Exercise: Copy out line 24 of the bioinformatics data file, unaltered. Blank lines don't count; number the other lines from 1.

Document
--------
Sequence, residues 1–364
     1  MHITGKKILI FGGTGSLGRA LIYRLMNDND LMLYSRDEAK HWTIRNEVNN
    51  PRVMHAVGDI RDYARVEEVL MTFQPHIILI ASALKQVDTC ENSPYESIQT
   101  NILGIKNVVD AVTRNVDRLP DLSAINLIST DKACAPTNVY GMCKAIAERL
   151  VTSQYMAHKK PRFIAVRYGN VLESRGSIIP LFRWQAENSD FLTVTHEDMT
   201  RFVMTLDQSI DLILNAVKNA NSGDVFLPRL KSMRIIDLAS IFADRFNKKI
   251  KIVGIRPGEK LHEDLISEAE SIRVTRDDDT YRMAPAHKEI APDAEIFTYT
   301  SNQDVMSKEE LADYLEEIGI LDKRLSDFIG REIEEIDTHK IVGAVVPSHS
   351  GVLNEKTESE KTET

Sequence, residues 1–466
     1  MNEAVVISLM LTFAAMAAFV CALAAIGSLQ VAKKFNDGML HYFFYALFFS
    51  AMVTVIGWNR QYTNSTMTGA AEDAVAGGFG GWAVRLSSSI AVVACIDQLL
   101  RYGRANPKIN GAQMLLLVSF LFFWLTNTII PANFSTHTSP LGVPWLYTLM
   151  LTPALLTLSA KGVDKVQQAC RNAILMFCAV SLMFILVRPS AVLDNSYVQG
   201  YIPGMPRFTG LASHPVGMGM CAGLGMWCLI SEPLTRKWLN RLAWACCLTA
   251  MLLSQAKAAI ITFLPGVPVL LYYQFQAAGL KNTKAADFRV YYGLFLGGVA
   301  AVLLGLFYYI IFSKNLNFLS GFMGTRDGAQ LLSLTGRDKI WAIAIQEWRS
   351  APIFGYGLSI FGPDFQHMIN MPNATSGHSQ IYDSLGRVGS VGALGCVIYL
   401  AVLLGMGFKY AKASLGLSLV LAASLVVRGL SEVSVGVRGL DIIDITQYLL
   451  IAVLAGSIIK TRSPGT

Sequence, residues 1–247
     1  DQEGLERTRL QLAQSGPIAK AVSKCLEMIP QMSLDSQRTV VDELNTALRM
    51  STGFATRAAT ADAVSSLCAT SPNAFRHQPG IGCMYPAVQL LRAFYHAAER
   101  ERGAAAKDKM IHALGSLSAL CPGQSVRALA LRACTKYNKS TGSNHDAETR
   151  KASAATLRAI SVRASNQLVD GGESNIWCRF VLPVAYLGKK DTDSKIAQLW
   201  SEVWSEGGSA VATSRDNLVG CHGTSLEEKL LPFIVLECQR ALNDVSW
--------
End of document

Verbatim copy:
   101  ERGAAAKDKM IHALGSLSAL CPGQSVRALA LRACTKYNKS TGSNHDAETR